Post by Ismail AbdulAzeez on Jun 23, 2019 22:08:39 GMT 1
This post is for the purpose of revealing and discovering the potential economic value of the animal in the country.
You can’t do grasscutter business for two years and be poor. That is if you are serious in doing it. Today, grasscutter is sold between N5,000 per kg and above. Four to five hundred grasscuters in a year could earn you between N2.5 million and N3 million.
The animal reproduces very quickly and in good numbers. A fully-grown female grasscutter, after gestation, carries the pregnancy for 140 –150 days and delivers about twice a year. Each pregnancy produces average of five to eight young ones. Can you imagine what that could be if they keep multiplying?
This offers small-scale farmers, investors, businessmen and all those with wealth mindset an economic incentive for raising grasscutters in captivity when they discovered that grasscutter is one of the animals that are extremely suitable for commercial rearing, as a farmer who manages the business very well can make up to N2.5 to N3 million in a year.
Grasscutters are in high demand, attract market price and the small amount of investment required makes grasscutters a suitable mini-livestock activity for income generation. Unfortunately, this business has been neglected because people consider it as bush animal.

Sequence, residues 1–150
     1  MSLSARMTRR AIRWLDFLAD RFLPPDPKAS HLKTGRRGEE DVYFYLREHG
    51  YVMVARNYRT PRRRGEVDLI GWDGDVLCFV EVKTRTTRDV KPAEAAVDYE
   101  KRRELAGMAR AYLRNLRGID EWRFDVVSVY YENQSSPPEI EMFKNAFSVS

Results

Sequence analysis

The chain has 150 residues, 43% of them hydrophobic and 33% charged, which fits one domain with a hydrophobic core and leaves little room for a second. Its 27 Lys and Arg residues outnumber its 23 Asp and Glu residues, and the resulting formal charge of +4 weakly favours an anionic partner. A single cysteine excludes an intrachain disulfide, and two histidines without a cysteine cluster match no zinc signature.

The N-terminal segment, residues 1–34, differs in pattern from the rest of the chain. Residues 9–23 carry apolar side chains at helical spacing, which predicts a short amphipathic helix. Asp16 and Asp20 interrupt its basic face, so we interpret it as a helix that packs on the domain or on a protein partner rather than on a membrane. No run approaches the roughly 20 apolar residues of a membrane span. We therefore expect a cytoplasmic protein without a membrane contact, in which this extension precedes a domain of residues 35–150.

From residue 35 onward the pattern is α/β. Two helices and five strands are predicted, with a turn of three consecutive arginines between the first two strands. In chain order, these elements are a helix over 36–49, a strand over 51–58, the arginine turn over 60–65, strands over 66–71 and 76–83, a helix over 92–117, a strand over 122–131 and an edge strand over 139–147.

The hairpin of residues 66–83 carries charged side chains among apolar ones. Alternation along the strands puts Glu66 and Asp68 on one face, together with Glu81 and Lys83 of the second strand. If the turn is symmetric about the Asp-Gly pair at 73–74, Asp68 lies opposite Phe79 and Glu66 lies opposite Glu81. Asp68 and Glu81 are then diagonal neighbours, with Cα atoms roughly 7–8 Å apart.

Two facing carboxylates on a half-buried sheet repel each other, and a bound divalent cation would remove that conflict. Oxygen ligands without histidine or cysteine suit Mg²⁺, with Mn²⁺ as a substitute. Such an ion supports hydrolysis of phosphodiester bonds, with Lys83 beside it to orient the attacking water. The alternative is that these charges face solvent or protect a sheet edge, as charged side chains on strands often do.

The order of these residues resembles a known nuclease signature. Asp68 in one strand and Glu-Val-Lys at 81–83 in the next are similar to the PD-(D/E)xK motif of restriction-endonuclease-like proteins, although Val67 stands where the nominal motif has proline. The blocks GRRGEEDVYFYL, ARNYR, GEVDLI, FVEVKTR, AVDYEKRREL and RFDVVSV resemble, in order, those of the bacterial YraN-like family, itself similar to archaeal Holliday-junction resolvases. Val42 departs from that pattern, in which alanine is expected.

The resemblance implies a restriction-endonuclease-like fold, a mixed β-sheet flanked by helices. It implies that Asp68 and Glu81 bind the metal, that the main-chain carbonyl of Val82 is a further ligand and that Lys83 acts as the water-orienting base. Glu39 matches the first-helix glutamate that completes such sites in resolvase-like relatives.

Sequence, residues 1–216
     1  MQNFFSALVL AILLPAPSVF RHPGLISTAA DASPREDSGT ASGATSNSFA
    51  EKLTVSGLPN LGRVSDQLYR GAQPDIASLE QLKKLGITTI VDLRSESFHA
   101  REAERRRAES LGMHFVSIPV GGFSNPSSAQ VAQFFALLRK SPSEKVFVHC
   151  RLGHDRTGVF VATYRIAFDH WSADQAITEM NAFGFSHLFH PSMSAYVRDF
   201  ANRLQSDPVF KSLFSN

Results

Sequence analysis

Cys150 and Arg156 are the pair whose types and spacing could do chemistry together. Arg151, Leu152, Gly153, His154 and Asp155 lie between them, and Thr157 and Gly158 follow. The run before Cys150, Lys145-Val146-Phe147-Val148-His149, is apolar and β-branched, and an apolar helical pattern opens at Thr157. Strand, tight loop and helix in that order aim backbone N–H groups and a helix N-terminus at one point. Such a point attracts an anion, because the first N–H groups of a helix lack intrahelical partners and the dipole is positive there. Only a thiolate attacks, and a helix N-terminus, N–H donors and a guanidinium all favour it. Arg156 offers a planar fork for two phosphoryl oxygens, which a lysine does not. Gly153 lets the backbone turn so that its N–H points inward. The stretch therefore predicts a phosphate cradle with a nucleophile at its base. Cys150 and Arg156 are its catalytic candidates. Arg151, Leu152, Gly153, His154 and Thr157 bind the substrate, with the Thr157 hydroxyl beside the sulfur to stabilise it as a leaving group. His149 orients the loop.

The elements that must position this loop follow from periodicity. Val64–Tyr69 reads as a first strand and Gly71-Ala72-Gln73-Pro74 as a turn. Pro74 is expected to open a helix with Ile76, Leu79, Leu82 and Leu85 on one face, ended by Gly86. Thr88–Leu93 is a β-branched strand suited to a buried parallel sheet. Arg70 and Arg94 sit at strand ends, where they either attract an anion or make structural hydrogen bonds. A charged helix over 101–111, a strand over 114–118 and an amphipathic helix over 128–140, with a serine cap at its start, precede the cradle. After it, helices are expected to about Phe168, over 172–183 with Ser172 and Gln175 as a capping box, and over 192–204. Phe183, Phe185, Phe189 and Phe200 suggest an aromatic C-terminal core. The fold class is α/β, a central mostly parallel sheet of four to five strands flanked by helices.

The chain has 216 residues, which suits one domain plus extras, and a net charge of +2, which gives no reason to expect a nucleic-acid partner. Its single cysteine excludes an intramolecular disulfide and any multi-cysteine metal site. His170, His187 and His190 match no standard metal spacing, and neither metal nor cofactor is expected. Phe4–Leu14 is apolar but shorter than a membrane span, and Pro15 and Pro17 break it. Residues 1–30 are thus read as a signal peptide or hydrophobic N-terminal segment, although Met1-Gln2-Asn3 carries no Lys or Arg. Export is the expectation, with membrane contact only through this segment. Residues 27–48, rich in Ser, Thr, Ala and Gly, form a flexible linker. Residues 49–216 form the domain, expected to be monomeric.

Starting grasscutter farming requires just little capital as low as N60,000 to N100,000 but the most important thing is housing (cage), which could cost N40,000 for a full family of grasscutter that comprises one male and four females as they live in colony.
Grasscutters eat normal grass, sugarcane leaves and its stems, the animal can also be fed with formulated concentrates like pellet as well as other processing byproducts like wheat bran, corn bran, groundnut, soy, oilseed, cotton seed cakes, brewer yeast, grain legume pods, brewers’ grains, maize shucks and cobs, brewer’s yeast and domestic waste food as feed supplements.
With good, adequate feeding, the grasscutter kids can be weaned between four to eight weeks. But as a family, they can be with the mother for four months. The kids can be separated from the mother between five to seven months and placed with a male to mate with them.
If grasscutter farming is properly managed and harnessed, it could boost the economy of a nation, create more jobs and alleviate poverty.
The demand for grasscutter is also high in top-class hotels, eateries, supermarkets and restaurants, which often stock the tasty bush meat. The meat is of a higher protein but lower fat content than domesticated farm meat and it is also appreciated for its tenderness and taste.
Our findings show that grasscutters worth millions of naira, were bred and sold in Nigeria and exported to the United States, Canada, the United Kingdom and France due to high demand for its meat by Nigerians who live in those countries.